Application of micro-3D-printing to create tiny, color-expressing robotic parts

Researchers utilized micro-3D-printing to create robotic parts smaller than a human hair, which possessed color-expressing features for identification and tracking of microrobots.

3D printing was initially used to create rapid, scaled prototypes of various parts. While it is commonly known for creating objects that can be seen or held, 3D printing technology has advanced to the point where structures can be fabricated on the micro-scale, making it possible to design intricate structures and use a wider range of materials.

Similarly, microrobotics has made significant progress over the past two decades. Researchers have gone from merely achieving controllable movement of microscale objects to developing advanced microrobot designs that can autonomously deliver therapeutic drugs to target sites and manipulate tiny objects for micro-manufacturing.

One of the major challenges in the field of mobile microrobotics is controlling microrobots operating in teams and swarms to perform collaborative and parallel tasks for medical or micro-manufacturing applications. To control individual microrobots, they must be easily identifiable and tracked in real-time using an imaging system, like a camera.

Two-photon polymerization (TPP) is a micro-3D-printing technique that can create detailed parts smaller than the diameter of a human hair. Recently, researchers at Purdue University’s Multi-Scale Robotics and Automation Lab used TPP to 3D print mobile microrobots with color-expressing features for microrobot identification and tracking. These features are not colors in the traditional sense but rather “structural colors”.

“Structural color occurs when visible light interacts with tiny patterned features that absorb and reflect light in different ways. The spacing, size, and shape of these tiny nanostructures trap light at a particular frequency producing an expression of a specific color,” said Cara Koepele, one of the lead researchers conducting the study. Another, Dr. Maria Guix, stated: “This is the same way that butterflies, beetles, and other insects found in nature express vivid colors.”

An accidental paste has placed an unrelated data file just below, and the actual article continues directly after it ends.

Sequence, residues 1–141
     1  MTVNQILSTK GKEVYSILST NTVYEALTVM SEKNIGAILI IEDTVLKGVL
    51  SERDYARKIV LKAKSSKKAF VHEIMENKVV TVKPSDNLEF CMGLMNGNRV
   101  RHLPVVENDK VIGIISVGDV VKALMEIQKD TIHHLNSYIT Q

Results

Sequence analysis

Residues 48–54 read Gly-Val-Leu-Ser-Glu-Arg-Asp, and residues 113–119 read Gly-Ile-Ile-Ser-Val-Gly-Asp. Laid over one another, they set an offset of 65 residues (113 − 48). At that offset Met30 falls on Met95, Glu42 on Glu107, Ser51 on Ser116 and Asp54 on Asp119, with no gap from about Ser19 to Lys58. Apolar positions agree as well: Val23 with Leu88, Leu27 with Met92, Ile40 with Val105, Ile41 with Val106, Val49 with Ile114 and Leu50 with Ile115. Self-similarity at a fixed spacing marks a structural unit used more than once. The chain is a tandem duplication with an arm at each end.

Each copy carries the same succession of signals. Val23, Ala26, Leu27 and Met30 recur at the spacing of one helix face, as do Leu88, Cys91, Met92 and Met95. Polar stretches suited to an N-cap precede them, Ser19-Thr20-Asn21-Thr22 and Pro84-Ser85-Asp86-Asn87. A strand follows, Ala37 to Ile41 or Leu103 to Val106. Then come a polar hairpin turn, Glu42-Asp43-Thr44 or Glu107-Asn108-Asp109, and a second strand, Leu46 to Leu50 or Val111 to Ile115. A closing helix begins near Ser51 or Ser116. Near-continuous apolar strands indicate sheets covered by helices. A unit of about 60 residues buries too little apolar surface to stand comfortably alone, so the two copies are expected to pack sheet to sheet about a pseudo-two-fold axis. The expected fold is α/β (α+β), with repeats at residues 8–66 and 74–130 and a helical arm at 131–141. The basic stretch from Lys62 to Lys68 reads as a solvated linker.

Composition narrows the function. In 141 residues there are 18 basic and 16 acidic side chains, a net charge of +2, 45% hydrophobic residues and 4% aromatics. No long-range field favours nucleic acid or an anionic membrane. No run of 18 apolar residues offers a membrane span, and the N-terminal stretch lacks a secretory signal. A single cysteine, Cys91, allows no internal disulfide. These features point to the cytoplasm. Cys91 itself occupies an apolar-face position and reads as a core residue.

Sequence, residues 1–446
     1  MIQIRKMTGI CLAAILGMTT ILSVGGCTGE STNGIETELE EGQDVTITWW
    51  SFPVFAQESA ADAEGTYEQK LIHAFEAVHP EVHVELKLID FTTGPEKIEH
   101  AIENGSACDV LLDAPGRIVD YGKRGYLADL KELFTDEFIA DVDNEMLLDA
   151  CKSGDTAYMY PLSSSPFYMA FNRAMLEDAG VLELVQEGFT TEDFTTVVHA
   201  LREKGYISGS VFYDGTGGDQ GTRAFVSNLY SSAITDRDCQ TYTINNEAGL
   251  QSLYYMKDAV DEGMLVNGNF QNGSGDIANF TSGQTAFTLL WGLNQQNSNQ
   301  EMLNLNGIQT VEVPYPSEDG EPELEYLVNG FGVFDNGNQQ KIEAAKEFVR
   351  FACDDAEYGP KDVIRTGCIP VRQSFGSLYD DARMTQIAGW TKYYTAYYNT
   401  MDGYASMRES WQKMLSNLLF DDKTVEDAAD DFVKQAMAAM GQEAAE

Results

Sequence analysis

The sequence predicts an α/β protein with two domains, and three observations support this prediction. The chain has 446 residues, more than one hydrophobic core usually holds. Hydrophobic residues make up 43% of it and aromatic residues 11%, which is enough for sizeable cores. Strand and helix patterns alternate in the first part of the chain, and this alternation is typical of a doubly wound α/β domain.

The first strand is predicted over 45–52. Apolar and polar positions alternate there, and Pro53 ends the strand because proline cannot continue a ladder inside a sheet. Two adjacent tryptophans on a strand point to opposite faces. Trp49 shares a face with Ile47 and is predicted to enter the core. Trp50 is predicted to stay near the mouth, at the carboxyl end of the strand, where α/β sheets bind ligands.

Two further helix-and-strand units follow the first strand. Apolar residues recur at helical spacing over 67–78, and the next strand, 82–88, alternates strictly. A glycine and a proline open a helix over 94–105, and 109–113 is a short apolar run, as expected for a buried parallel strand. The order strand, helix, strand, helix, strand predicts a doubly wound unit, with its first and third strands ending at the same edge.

The team has successfully utilized a flexible 3D printing technique to integrate various color-expressing features into microrobotic systems, indicating the potential for efficient mass production. Professor David J. Cappelleri, who directs the Multi-Scale Robotics and Automation Lab, said: “We are excited about these results and look forward to exploring this phenomenon in more detail in order to tune the color expression for not only microrobot identifying and tracking purposes but also for creating novel on-board sensing and anti-counterfeiting capabilities for 3D-printed microrobots.”

This news is a creative derivative product from articles published in famous peer-reviewed journals and Govt reports:

1. C. A. Koepele, et al. ‘3D‐Printed Microrobots with Integrated Structural Color for Identification and Tracking‘, Advanced Intelligent Systems (2020). DOI:
R. L. Truby, J. A. Lewis, Nature 2016, 540, 371.
S. Rekštytė, T. Jonavičius, D. Gailevičius, M. Malinauskas, V. Mizeikis, E. G. Gamaly, S. Juodkazis, Adv. Opt. Mater. 2016, 4, 1209.
E. Diller, Found. Trends Robot. 2011, 2, 143.
M. Guix, C. C. Mayorga-Martinez, A. Merkoçi, Chem. Rev. 2014, 114, 6285.


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